Whoever conspired to leak the recording really put Adam Silver in a tight spot. Let’s assume it was V. Stiviano, with a little bit of help, who didn’t gently nudge, but forcefully shoved the NBA’s newbie commissioner into a corner. The two sides converging to form that corner are both daunting and insatiable. One wall is the court of public opinion, led by NBA players, fans, the media, and activist groups. The other is the court of law, led by whichever poor, rich attorneys Donald Sterling hires.

For one thing, there really was no “right” decision for Silver to make. Time will tell what kind of decision it was, banning Sterling for life and pressuring other owners to step on the throat of Sterling’s 30-plus years of ownership. Adjectives thrown around regarding Silver’s ruling include prudent, necessary, moral, short sighted, justified, illegal. Resolutions will have to wait until litigation is settled, and litigation may not be settled until after Sterling is dead. For better or worse, that’s what Silver chose when the world threw him down the well and left him to get out.

Silver isn’t a tragic figure or a hero. He’s being praised as a leader, a guy who did his job properly. It says here that whatever comes of Tuesday’s actions, his words were thoughtfully crafted and poignantly delivered. He was brief yet comprehensive, assertive yet sensitive, powerful yet self-aware. In answering questions, he was forthcoming enough to satisfy the media while maintaining a dodgy, Belichick-ian demeanor.

What makes Silver such an interesting character in this situation is that he was given so few choices and none of them were ideal. Those withholding credit will claim he had no other choice. Those laying blame will accuse him of falling victim to mob mentality. Both have hints of truth that require consideration. Learning that players in all three games on Tuesday’s docket were going to protest (not just the Clippers and Warriors) sure made it seem like Silver fell victim to the mob. There was no threat to Silver’s well being, but there was a threat to the credibility and well being of the league. To be clear, the mob also consisted of the media, fans, and activist groups, among others. In specific regards to the players, however, Silver’s decision, which led to immediate peace and good vibes throughout the league, ended up temporarily saving the mob from itself. If Silver is lenient and three games go uncontested Tuesday, it’s a nightmare for the entire league. Yes, that includes Silver, but he’s got his own nightmare coming down the pike. This would have looked bad for the players, the coaches, and the owners. Silver took one for the team–or in this case, the league–on a level his predecessor never would have.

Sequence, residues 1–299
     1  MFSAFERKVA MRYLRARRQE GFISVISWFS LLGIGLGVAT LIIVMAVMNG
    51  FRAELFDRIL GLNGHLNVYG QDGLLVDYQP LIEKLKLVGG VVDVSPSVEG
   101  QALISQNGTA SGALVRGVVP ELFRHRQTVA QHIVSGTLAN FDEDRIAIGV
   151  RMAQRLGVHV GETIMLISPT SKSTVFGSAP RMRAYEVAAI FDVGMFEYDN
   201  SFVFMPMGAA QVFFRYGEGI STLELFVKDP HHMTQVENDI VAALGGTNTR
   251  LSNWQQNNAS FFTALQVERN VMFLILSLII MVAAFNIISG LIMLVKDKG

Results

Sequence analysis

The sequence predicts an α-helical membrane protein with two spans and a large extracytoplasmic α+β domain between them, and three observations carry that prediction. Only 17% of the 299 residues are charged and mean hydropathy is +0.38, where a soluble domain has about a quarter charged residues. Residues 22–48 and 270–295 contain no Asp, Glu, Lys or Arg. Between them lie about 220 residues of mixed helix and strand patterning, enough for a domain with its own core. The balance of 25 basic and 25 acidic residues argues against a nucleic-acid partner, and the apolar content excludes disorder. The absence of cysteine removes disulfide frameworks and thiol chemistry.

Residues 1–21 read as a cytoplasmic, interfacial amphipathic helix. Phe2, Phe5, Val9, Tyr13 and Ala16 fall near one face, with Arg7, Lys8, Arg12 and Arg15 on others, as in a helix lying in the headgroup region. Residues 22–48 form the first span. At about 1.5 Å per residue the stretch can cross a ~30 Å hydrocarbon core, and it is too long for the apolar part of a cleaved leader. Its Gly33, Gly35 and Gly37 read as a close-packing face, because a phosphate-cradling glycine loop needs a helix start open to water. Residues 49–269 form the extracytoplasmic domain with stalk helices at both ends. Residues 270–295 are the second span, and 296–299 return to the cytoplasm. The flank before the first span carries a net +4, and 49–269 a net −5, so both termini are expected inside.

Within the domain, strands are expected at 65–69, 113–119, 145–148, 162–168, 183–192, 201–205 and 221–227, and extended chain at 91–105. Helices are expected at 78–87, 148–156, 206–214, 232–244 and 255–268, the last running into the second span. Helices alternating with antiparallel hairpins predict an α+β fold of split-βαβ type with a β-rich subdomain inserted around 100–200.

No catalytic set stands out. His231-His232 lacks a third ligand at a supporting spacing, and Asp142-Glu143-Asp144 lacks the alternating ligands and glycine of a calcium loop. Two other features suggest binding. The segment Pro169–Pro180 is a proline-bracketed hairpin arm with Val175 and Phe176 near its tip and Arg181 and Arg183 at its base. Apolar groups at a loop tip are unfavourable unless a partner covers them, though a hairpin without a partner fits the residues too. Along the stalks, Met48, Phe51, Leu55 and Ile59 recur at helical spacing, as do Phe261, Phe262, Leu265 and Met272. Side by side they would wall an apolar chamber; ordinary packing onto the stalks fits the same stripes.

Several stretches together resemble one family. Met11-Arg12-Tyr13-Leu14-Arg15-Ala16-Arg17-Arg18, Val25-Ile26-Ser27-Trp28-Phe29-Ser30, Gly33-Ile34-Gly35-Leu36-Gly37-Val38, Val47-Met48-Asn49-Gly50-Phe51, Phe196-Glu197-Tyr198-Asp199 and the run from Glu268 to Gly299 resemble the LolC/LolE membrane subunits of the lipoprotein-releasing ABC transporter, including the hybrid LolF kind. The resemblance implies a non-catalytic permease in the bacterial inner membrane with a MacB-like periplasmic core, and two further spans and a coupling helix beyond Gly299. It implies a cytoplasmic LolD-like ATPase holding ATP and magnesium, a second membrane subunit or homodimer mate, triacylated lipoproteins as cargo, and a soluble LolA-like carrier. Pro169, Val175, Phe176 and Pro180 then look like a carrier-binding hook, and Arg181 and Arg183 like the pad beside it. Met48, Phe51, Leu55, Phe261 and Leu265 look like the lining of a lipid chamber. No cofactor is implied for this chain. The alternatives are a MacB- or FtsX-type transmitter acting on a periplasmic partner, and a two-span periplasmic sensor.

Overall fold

NBA Commissioner David Stern Addresses the Media

Sterling should not be a part of the NBA and justice was served. It was served through possibly illegal and unprecedented means, but it was served. This was Silver’s first, and perhaps best chance to get rid of Sterling. But it wasn’t the NBA’s first chance. Adam Silver did Tuesday what David Stern was afraid to do for 30 years. For decades, Sterling had been committing fouls over and over again, targeting specific groups of people. For decades, Stern allowed it because he didn’t want a fight with Sterling, because racism didn’t directly affect games, and because he knew that taking on one owner for less than exemplary behavior would open a can of worms. In one fell swoop, Silver hit Sterling with a couple flagrant fouls, a bunch of techs, and went Bart Giamatti on him.

Silver chose temporary harmony in the face of protracted legal battles, and he enforced that choice with a sense of resolve rarely seen from Stern. The adoration of Stern for revenue increases, lucrative television deals and brilliant marketing usually outweighed the scorn he received for missteps like allowing the Sonics to leave, vetoing the Chris Paul trade, and presiding over multiple lockouts. He kept his owners happy and himself out of the courtroom, and that was good enough for him. Seattle fans are wondering right now if they might still have a team if Silver was the commissioner when a cabal of underhanded businessmen conspired to steal their Sonics.

Given Tuesday’s events, fans in all cities have every reason to feel like the league is in the right hands. Silver banished a bigot, but that’s not at the core of the matter. The important part, as it relates to the future of the association, is that Adam Silver will stand in the lane every time and take the charge as Blake Griffin comes barreling straight towards him.